If and when we look under the surface... US History is nu-thing like we 'ere taught in Social Science... and it starts looking more and more like the history of just about every other nation. We got our good stuff, but boy there are some things that are very dark indeed.
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unc70 Donating Member (1000+ posts) Send PM | Profile | Ignore Tue Apr-27-10 04:35 PM
Response to Reply #13
35. Sundown towns first in early colonial times, whole states later
Overlooked in the discussion of sundown towns is the stark reality that states like Illinois and Indiana were essentially "sundown states" prior to the Civil War. The rules varied slightly over the years, but most of the "Free" states (vs "Slave") were in practice "White-only" states. In some, free people of color were not allowed to move to the state or buy property. There were lots of examples of "ethnic cleansing" prior to the Civil War in places like Cincinnati.

There had been similar laws in most of New England back during colonial times, many persisting until long after the Civil War and the 14th Amendment. Sometimes they were explicit legal prohibitions, but often they were dead convenents or restrictions on property ownership.

In a post a few weeks back, I noted that a free black man in NC in 1860 had all the rights of a white man except the right to vote (and had that right until the 1830's), while the same man was not allowed to move to Lincoln's Illinois!

Most efforts to expose and discuss these "secret history" items are met with bashing of the South without recognizing that race and slavery were not and are not problems limited to the South. No argument that the South has it share, but so does everywhere else without exception.

The site I referenced has a fairly good introduction to some of the hidden history of slavery in the North, much as this article highlights the secret history of sundown towns.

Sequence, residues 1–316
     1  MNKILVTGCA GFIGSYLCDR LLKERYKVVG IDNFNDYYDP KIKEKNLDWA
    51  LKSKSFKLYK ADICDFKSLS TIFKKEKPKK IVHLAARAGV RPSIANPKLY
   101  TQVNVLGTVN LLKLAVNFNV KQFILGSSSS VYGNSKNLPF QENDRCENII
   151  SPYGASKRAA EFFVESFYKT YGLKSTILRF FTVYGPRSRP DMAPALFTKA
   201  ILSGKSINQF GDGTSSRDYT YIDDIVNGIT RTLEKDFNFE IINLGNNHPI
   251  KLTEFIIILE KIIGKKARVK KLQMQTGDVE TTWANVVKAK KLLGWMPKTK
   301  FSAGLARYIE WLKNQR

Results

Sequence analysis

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Ron Green Donating Member (1000+ posts) Send PM | Profile | Ignore Tue Apr-27-10 12:23 AM
Response to Original message
17. "Plane Wreck at Los Gatos," Woody Guthrie
The crops are all in and the peaches are rott'ning,
The oranges piled in their creosote dumps;
They're flying 'em back to the Mexican border
To pay all their money to wade back again

Goodbye to my Juan, goodbye, Rosalita,
Adios mis amigos, Jesus y Maria;
You won't have your names when you ride the big airplane,
All they will call you will be "deportees"

My father's own father, he waded that river,
They took all the money he made in his life;
My brothers and sisters come working the fruit trees,
And they rode the truck till they took down and died.

Some of us are illegal, and some are not wanted,
Our work contract's out and we have to move on;
Six hundred miles to that Mexican border,
They chase us like outlaws, like rustlers, like thieves.

We died in your hills, we died in your deserts,
We died in your valleys and died on your plains.
We died 'neath your trees and we died in your bushes,
Both sides of the river, we died just the same.

The sky plane caught fire over Los Gatos Canyon,
A fireball of lightning, and shook all our hills,
Who are all these friends, all scattered like dry leaves?
The radio says, "They are just deportees"

Is this the best way we can grow our big orchards?
Is this the best way we can grow our good fruit?
To fall like dry leaves to rot on my topsoil
And be called by no name except "deportees"?
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Scurrilous Donating Member (1000+ posts) Send PM | Profile | Ignore Tue Apr-27-10 01:02 AM
Response to Original message
22. K & R
:thumbsup: